Standard
Transition

Straight, No Chaser

I’ve been single a long time. To be honest, I probably prefer it. But as I’ve grown in confidence, I do occasionally consider having a partner in crime. Mainly just to do daft stuff with. With this in mind I have, from time to time, ventured into online dating. Usually on the quiet, which is not the safest way to be doing so. I should probably trust people more. It’s not often successful but equally not entirely awful for confidence either. I also do alright for offers which came as something of a surprise to me. Some want to meet. Some need me to be discreet (read that as cheat!). Some, simply to secrete. No thanks! The biggest problem I have is trusting their motivation because of one thing:-

Tranny Chaser
A straight male who is turned on by male to female transsexuals. Tranny Chasers do not like men and are only attracted to transsexuals because they look like women.

If I was to date anyone, I’d need to know it wasn’t just a case of curiosity piqued. This is harder to establish online than I like. It’s also strange looking in on the gender I was raised in from the other side. Still, it’s not essential. Life is pretty rosy, I control the tv remote and if I was to meet someone? They’d probably talk through House Of Cards. Dealbreaker!

Standard
Transition

Socially Awkward

One of the most awkward things about being trans is probably pronouns. Moving my life from He to She was really pretty easy. Persuading the world to come with you is a different matter. From the offset I decided I wasn’t going to be too dogmatic about it and it’s served me well so far. People WILL call you He and Him, even your closest friends. This is usually because they are only human and has nothing to do with you at all. It’s a huge adjustment you have asked them to make. Give them a break. The wider world takes time too. For several months I got Sir in shops and frequently Mate, especially in taxis. You could let this annoy you. If you are trans and happen upon this page, my suggestion is don’t. Firstly, in small daily interactions, it may be a headfuck for a shopworker to see you presenting as female but hear a male voice. They are busy and likely trying their best. You’ll live and it’s unlikely they really meant to upset you, most of the time. In the case of Mate, it’s much the same thing. They may just not know how to address you. That’s ok. It’s better to focus on the fact that they are trying to be friendly, rather than presume you are being disrespected. It gets better. Slowly. After more than a year it rarely happens now. And it’s still ok when it does. What’s changed? Either people are massively more accepting than you might think or I stopped worrying. Either works for me.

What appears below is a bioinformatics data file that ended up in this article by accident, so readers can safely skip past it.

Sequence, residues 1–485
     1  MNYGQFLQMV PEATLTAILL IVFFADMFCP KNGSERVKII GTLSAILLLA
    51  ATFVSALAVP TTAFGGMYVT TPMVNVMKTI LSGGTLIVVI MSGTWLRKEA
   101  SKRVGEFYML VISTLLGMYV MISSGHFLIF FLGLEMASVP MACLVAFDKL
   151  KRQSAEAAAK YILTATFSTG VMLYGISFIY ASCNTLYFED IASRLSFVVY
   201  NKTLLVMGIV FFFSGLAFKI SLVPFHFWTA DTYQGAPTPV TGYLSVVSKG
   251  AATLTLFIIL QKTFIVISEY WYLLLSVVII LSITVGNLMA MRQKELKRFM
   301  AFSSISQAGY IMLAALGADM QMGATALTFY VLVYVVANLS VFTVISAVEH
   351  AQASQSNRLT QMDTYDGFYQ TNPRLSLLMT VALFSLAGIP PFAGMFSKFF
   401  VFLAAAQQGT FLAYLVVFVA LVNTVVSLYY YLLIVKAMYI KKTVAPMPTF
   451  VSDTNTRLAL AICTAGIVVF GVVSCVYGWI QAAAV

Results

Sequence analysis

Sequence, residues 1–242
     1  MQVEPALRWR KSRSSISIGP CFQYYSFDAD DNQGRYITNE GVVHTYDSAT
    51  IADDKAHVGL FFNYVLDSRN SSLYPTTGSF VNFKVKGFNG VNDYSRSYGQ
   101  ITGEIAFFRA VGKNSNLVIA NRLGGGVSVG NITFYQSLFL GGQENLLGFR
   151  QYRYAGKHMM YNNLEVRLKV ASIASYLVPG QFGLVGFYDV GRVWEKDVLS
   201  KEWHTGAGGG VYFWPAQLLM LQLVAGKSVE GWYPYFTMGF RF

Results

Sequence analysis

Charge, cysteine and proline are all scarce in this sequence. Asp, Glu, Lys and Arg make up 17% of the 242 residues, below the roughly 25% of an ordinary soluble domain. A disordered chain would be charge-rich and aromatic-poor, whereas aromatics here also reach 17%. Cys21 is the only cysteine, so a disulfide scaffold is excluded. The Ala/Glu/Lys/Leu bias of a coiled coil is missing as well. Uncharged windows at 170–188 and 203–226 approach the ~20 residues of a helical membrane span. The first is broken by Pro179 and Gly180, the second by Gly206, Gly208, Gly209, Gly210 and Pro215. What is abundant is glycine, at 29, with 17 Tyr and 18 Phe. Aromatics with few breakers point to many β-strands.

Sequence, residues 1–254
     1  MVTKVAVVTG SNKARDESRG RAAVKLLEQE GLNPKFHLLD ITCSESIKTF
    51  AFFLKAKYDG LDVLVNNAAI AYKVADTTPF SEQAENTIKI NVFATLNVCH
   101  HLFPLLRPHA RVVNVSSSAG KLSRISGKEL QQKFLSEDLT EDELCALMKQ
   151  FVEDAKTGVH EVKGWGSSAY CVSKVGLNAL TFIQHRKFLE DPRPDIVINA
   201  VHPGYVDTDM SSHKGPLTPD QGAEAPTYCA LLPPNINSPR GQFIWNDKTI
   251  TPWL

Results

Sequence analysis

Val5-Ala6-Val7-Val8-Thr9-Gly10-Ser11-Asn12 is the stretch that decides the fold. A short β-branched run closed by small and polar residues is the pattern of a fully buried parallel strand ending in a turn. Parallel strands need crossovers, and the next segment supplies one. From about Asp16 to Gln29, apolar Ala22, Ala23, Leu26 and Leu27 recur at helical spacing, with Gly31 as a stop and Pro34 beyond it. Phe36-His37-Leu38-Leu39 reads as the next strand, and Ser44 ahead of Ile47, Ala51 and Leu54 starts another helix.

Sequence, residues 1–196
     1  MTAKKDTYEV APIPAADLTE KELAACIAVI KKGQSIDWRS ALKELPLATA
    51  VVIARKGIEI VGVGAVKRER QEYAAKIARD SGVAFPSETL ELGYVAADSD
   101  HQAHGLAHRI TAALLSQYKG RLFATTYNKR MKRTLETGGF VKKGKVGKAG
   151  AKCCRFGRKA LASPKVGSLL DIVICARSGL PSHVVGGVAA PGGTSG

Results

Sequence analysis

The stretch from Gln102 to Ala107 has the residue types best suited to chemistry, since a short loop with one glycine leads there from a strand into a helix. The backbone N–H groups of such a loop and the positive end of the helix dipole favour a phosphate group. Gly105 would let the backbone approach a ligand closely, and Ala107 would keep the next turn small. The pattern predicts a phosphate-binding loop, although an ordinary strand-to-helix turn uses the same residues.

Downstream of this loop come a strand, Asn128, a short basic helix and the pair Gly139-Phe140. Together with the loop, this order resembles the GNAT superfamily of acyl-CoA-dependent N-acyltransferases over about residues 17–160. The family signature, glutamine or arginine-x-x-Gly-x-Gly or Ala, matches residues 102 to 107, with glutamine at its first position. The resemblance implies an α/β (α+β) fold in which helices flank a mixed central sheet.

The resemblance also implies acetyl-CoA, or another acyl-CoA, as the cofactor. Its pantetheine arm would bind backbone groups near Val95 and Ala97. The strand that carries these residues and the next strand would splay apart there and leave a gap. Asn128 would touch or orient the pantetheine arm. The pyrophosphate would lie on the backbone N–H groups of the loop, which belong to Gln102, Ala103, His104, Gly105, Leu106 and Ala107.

Standard